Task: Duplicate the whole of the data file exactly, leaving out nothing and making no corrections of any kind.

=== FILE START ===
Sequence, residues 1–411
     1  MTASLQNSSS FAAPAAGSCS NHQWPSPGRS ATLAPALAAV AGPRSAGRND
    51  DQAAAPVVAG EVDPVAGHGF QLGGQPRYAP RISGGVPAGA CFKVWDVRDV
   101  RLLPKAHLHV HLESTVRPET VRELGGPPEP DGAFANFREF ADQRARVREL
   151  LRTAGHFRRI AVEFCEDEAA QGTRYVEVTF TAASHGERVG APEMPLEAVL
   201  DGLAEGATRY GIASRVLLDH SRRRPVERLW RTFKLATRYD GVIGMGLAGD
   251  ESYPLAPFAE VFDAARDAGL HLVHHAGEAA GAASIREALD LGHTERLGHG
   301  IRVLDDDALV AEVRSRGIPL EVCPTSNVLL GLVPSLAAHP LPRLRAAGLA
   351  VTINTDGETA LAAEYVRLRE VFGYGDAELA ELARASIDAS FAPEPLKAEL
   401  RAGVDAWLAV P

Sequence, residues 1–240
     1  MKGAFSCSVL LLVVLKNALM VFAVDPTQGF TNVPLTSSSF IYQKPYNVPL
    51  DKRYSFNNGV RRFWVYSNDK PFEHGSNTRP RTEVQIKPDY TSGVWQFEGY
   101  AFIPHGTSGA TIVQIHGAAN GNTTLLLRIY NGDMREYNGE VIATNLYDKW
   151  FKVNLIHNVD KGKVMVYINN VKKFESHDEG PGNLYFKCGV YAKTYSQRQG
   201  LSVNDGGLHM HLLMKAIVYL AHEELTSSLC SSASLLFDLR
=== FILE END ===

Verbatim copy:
Sequence, residues 1–411
     1  MTASLQNSSS FAAPAAGSCS NHQWPSPGRS ATLAPALAAV AGPRSAGRND
    51  DQAAAPVVAG EVDPVAGHGF QLGGQPRYAP RISGGVPAGA CFKVWDVRDV
   101  RLLPKAHLHV HLESTVRPET VRELGGPPEP DGAFANFREF ADQRARVREL
   151  LRTAGHFRRI AVEFCEDEAA QGTRYVEVTF TAASHGERVG APEMPLEAVL
   201  DGLAEGATRY GIASRVLLDH SRRRPVERLW RTFKLATRYD GVIGMGLAGD
   251  ESYPLAPFAE VFDAARDAGL HLVHHAGEAA GAASIREALD LGHTERLGHG
   301  IRVLDDDALV AEVRSRGIPL EVCPTSNVLL GLVPSLAAHP LPRLRAAGLA
   351  VTINTDGETA LAAEYVRLRE VFGYGDAELA ELARASIDAS FAPEPLKAEL
   401  RAGVDAWLAV P

Sequence, residues 1–240
     1  MKGAFSCSVL LLVVLKNALM VFAVDPTQGF TNVPLTSSSF IYQKPYNVPL
    51  DKRYSFNNGV RRFWVYSNDK PFEHGSNTRP RTEVQIKPDY TSGVWQFEGY
   101  AFIPHGTSGA TIVQIHGAAN GNTTLLLRIY NGDMREYNGE VIATNLYDKW
   151  FKVNLIHNVD KGKVMVYINN VKKFESHDEG PGNLYFKCGV YAKTYSQRQG
   201  LSVNDGGLHM HLLMKAIVYL AHEELTSSLC SSASLLFDLR